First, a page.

Betty Myers, who is 95, has relinquished some longtime habits in recent years. She doesn’t drive and leaves certain jobs around the house to others.

Myers’ husband, Dick, died in 2011 and she lives independently in Yakima — and wants to keep it that way as long as possible. Her son and daughter and their spouses, along with two great-grandchildren, drive her to medical appointments or the grocery store when they can. But when they cannot, she relies on a volunteer-based nonprofit organization, the Yakima & Selah Neighbors’ Network.
“I have a lot of people that can help, but sometimes they’re all busy at the same time,” said Myers, a member of the group for a couple months. “It’s just wonderful to have somebody that you can call. … I used it to go the grocery store, the drugstore, to go to the dentist and I’ve used it go to the doctor.”

The volunteer-based nonprofit organization has provided limited services to a few seniors since it was incorporated in the summer of 2017. That’s changing soon with plans to hire the group’s first program manager in preparation for the official launch of the network, also known as YES Neighbors, on April 1.

Annual membership fees are $300 for a single person or $400 for a household. Because there aren’t many seniors participating at this point, most funding has come from donors. Board members expect that will change once it begins accepting members, or clients. It has been training more volunteers in anticipation of that.

“It’s taken us awhile to figure out how we could get to the point to accept members,” said Mary Lou Rozdilsky, president of the network. “One of the biggest challenges we’re facing now is donor support. Eventually we’re hoping up to 40 percent (of funding) comes from memberships.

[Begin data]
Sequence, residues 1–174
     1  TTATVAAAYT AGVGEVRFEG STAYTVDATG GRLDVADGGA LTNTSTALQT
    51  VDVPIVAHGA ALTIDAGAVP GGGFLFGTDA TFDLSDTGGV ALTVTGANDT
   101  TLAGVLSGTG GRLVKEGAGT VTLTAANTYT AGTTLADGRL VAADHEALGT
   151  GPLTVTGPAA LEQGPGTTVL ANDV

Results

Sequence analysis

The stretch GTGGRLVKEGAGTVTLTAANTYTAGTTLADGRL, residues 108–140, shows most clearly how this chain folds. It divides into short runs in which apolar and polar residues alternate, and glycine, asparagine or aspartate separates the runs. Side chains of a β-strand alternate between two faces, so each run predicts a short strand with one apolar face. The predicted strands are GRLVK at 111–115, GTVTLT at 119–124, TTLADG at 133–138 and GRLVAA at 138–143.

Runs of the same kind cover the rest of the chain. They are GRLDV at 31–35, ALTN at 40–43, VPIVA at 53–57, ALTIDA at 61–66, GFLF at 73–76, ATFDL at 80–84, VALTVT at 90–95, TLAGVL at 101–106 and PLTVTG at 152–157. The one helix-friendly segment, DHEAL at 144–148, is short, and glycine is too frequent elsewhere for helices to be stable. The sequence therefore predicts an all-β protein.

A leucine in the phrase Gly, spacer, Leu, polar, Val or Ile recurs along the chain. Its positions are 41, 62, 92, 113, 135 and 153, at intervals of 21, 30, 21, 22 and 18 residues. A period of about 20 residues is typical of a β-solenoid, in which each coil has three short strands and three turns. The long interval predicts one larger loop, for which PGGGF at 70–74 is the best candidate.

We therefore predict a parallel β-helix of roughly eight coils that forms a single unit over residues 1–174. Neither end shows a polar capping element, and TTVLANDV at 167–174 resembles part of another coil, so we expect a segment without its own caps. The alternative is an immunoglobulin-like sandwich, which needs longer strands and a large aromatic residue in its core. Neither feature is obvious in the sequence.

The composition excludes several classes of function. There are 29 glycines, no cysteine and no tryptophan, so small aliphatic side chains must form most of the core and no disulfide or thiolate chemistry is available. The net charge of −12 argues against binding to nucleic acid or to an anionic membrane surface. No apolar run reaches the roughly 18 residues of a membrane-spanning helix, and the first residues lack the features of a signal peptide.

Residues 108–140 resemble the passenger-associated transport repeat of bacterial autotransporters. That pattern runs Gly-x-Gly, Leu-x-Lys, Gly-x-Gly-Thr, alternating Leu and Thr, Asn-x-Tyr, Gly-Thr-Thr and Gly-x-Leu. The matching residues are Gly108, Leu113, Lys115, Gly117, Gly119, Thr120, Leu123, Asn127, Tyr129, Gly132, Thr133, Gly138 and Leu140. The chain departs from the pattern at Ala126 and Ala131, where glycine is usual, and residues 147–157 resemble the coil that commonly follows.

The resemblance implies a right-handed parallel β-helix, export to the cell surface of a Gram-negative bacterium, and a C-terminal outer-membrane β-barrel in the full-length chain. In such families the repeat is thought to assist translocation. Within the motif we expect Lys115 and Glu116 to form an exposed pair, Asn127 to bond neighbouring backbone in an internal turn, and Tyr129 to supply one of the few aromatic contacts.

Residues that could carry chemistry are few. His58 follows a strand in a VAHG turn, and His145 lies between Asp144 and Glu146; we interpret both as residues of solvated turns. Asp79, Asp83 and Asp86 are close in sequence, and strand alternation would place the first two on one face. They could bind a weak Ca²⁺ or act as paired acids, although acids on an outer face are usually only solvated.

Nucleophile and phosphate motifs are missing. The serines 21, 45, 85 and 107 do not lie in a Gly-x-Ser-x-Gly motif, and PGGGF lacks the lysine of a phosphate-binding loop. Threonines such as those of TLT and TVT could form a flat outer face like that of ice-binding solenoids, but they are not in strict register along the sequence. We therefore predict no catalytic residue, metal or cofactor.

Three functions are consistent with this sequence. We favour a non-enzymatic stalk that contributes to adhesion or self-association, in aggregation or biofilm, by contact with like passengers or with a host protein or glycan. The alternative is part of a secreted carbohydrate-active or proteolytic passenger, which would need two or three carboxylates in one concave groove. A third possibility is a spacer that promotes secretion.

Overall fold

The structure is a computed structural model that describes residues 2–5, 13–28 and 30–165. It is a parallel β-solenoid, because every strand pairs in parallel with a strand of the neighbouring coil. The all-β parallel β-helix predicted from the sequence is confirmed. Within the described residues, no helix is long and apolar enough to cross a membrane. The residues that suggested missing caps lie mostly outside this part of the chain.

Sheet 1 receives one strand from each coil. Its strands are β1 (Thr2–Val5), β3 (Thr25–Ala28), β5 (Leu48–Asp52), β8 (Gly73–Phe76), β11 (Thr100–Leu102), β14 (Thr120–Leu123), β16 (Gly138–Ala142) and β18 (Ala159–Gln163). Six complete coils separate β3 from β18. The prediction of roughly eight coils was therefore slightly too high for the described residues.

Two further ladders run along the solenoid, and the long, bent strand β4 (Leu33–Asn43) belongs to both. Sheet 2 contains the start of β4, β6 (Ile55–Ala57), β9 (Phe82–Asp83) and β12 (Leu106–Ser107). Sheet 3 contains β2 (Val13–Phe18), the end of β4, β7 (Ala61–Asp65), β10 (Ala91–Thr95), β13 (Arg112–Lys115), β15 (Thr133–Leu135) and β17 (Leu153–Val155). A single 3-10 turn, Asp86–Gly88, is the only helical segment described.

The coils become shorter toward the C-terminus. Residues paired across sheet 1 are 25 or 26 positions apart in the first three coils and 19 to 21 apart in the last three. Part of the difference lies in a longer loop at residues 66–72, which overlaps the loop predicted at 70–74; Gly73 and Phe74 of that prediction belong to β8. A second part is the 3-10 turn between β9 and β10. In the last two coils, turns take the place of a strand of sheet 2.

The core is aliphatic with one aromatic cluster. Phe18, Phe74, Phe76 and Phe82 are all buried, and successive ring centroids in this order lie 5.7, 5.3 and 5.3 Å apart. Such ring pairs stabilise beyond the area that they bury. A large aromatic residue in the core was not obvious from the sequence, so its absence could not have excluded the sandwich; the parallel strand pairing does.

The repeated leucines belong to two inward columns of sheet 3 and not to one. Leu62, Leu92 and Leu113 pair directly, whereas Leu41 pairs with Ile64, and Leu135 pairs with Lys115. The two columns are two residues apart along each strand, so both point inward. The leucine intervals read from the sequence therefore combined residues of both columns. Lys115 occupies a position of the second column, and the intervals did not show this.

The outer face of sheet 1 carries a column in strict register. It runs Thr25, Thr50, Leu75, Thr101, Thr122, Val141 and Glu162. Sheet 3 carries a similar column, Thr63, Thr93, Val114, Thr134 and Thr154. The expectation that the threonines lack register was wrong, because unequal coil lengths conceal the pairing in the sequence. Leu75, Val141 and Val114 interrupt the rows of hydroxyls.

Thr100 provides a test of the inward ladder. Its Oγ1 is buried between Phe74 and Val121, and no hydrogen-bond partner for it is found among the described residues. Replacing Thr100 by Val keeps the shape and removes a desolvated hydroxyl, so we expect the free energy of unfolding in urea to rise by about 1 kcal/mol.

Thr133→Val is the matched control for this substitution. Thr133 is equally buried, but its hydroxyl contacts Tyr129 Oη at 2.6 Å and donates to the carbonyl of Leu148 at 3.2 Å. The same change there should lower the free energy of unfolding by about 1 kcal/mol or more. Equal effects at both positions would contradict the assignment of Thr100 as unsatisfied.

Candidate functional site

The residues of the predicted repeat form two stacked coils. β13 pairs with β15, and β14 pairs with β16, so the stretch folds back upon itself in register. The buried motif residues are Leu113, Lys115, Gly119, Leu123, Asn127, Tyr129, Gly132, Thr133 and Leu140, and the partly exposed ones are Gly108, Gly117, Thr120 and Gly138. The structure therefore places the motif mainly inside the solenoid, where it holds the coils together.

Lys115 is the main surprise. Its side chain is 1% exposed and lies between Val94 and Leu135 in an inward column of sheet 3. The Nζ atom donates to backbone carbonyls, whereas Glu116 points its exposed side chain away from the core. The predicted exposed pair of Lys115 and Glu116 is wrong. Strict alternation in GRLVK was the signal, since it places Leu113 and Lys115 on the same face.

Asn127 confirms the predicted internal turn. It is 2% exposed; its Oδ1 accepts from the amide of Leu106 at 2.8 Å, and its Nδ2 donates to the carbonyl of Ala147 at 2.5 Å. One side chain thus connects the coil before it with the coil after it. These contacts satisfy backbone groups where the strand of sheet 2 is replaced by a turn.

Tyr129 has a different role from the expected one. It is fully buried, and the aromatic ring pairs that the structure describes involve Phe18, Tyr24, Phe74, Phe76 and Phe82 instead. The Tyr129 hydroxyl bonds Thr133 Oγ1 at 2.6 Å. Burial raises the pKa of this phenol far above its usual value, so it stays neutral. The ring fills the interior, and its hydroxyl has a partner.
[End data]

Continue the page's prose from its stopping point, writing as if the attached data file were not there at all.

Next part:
“We’re trying to keep memberships affordable. But we’ll still need donors and grants.”

The group’s costs include the program manager’s salary, insurance and technology, including software that pairs volunteers with people who need assistance.

“The infrastructure is in place. We just need someone to coordinate, especially as we add members,” Rozdilsky said.

With the mission of keeping seniors living at home as long as possible, the network connects people with others who care — social interaction is crucial as people age — along with practical help around the house, rides and a link to trusted community resources.

Many people want to remain in their homes as they age, Rozdilsky said. At the same time, people often need more help to do so.“The fact is 10,000 people every day are turning 65,” she said. “We have issues of the danger of falls, of isolation. Residential care is expensive. We really feel that many people end up in residential care because they think there is no other option,” she said.

National model

YES Neighbors is based on a national model, the Village to Village Network. There are more than 350 such communities throughout the United States, and 16 in Washington. More are in development, like the Yakima Valley group.